After two islet transplants, Bruce is taking less insulin, experiencing fewer hypos and can now recognise when a hypo is about to happen.
When I was first diagnosed with diabetes back in July 1997 I only found out by accident as a friend of mine was diabetic and she checked my sugar level one evening and it was high.
We checked again the following day and it was higher than the night before. The doctor told me that I could have had it for up to six months and not even known. I have been Type 1 on insulin since diagnosis, and was injecting four times a day until 1998 when I asked for a referral to Royal Free Hospital in London.
Within two years I was put on a Medtronic insulin pump. I was registered for my Islet transplant in 2013 and within one year I had my first Islet transplant in August 2014. I had to change so much taking 15 types of medication each day.
I was immediately put on a transplant list again after the first transplant and I had my second transplant in February 2015. Since then I now feel 100 per cent and whereas before I had to have three months off work, this time I am back to work after one month.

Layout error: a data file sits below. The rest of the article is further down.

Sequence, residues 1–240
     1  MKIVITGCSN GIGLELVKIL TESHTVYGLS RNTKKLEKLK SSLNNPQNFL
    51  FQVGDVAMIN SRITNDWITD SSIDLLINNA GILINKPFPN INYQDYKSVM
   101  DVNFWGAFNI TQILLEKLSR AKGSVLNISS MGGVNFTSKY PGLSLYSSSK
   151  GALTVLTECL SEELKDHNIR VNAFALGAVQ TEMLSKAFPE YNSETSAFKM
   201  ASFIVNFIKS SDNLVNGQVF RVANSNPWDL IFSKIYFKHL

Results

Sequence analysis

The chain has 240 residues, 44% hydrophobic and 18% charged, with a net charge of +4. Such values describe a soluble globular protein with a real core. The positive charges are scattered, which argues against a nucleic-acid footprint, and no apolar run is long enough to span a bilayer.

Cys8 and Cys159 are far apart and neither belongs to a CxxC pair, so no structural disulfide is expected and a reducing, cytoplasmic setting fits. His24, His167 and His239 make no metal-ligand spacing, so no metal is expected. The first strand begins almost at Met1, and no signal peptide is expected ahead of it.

I have regular check ups at my hospital with both the renal team, and diabetes team and I have to add that the ward staff at the hospital who assisted with my care have been brilliant.
I am called at least two times a week by the diabetes team and renal team and my consultant rings me at least once a week. I am improving every day - my sugar levels are so much better and whereas I wasn't always getting signs of hypos I am not only having fewer hypos, but I am having less insulin and when I have a hypo I now get signs that it is happening.
I hope that within the next year I will be off my insulin completely after the second transplant, and only have to take tablets. Not only do I have to thank all the medical teams, but my family and work colleagues for their love and support throughout the two transplants, and especially my two children aged 10 and 12 who have been so helpful in my recovery.
I would like people to know that they don't need to be scared to tell people they have diabetes as they may just save your life someday. My life now is more relaxed - I am not so stressed, not bothered about what people think when I have to check my sugar levels in public or take my insulin via pump. I do get people looking at me thinking I am taking drugs, but it is their ignorance not mine, and if they asked questions I would tell them.